NYC parents: Keep Gifted and Talented classes


NEW YORK, N.Y. – JANUARY 30: New York City Mayor Bill de Blasio speaks at a press conference to announce the city will not appeal a judge’s ruling that the police tactic “Stop-and-Frisk” is unconstitutional, which the judge had ruled over last summer, on January 30, 2014 in in the Brownsville neighborhood of the Brooklyn borough of New York City. (Photo by Andrew Burton/Getty Images)

OAN Newsroom
UPDATED 10:50 AM PT – Friday, October 15, 2021

Concerned parents are making their voices heard in New York. The parents of New York City have taken to the streets to protest Mayor Bill de Blasio’s (D) proclamation to end Gifted and Talented programs in city schools.

The demonstrators gathered on the steps of the New York Department of Education on Thursday. During the event, parents such as Lucus Liu voiced their concern over their children’s education being sacrificed in the name of equity.

“They’re using schools to achieve their version of equity, which involves closing the achievement gap by slowing down education, by taking away opportunities for all kids, by not expanding G&T [Gifted and Talented] into all neighborhoods that currently don’t have the benefit of a G&T program,” said Liu.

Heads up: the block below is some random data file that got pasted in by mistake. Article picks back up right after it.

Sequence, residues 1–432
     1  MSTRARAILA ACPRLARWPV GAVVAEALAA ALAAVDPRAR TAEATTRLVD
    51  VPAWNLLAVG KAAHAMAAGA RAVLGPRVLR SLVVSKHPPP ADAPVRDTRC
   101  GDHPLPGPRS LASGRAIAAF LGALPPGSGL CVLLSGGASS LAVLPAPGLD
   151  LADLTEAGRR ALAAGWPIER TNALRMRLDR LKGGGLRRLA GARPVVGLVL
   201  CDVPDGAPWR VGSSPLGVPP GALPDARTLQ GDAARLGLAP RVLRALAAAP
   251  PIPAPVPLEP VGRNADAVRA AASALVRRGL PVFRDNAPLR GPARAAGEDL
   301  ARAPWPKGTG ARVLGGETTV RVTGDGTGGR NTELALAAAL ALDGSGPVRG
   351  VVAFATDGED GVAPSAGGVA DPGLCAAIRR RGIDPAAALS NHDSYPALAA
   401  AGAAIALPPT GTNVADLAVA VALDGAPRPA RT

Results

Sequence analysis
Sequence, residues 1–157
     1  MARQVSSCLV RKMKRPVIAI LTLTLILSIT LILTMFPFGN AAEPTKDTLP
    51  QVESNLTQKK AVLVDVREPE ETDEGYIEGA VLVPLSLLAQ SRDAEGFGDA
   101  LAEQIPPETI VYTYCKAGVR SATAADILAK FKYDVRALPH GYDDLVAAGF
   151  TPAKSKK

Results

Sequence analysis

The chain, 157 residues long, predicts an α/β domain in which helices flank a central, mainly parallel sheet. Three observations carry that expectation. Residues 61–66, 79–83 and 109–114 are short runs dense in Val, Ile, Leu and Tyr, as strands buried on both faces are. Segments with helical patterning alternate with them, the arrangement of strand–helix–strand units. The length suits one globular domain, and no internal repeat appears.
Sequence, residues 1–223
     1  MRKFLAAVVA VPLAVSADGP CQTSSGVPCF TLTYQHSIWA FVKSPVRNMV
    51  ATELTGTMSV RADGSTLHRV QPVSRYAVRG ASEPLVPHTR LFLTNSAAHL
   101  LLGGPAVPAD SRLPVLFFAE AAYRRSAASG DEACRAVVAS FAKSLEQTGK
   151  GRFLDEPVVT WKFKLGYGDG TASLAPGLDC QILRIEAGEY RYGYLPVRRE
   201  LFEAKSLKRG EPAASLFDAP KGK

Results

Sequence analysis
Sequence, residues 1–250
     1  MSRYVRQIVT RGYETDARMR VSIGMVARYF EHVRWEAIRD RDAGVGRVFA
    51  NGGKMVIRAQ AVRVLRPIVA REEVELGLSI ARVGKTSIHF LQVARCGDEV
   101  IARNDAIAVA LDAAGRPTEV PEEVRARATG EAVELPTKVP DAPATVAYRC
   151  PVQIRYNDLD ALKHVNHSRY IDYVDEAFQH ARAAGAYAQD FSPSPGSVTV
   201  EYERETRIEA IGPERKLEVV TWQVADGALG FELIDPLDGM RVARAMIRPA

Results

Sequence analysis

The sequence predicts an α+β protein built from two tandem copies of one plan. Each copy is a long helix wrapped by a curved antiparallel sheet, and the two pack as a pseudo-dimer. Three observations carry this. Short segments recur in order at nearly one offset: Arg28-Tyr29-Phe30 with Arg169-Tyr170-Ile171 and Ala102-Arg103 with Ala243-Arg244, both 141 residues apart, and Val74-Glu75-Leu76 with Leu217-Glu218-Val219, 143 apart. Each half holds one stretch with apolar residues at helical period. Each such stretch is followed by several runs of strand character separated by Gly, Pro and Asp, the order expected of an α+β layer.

Another event speaker, Maud Maron, called for education to simply serve its intended purpose and devoid politics.

“Our schools need to be places of academic excellence, not indoctrination, not giant group therapy sessions,” stressed Maron. “Our schools need to be places where children are learning. They’re learning how to read, they’re learning mathematics and they’re preparing themselves to go to college. They’re preparing themselves to compete in a global world.”

Critics of the Gifted and Talented program have argued it disproportionately favors whites and Asians over Black and Latino students. Mona Davids of the New York City Parents Union argued against this point, claiming the city’s education standards as a whole should be raised rather than accepting sub-standard comprehension of material.

“Every single year we graduate students who are illiterate and innumerate. There should be accelerated programs for all students,” said Davids.

Mayor de Blasio announced the city’s Gifted programs would be replaced by the “Brilliant New York” initiative by fall of 2022. The mayor drew fire when it was revealed his children both attended a Gifted and Talented middle school, leading them both to attend prestigious high schools and universities.

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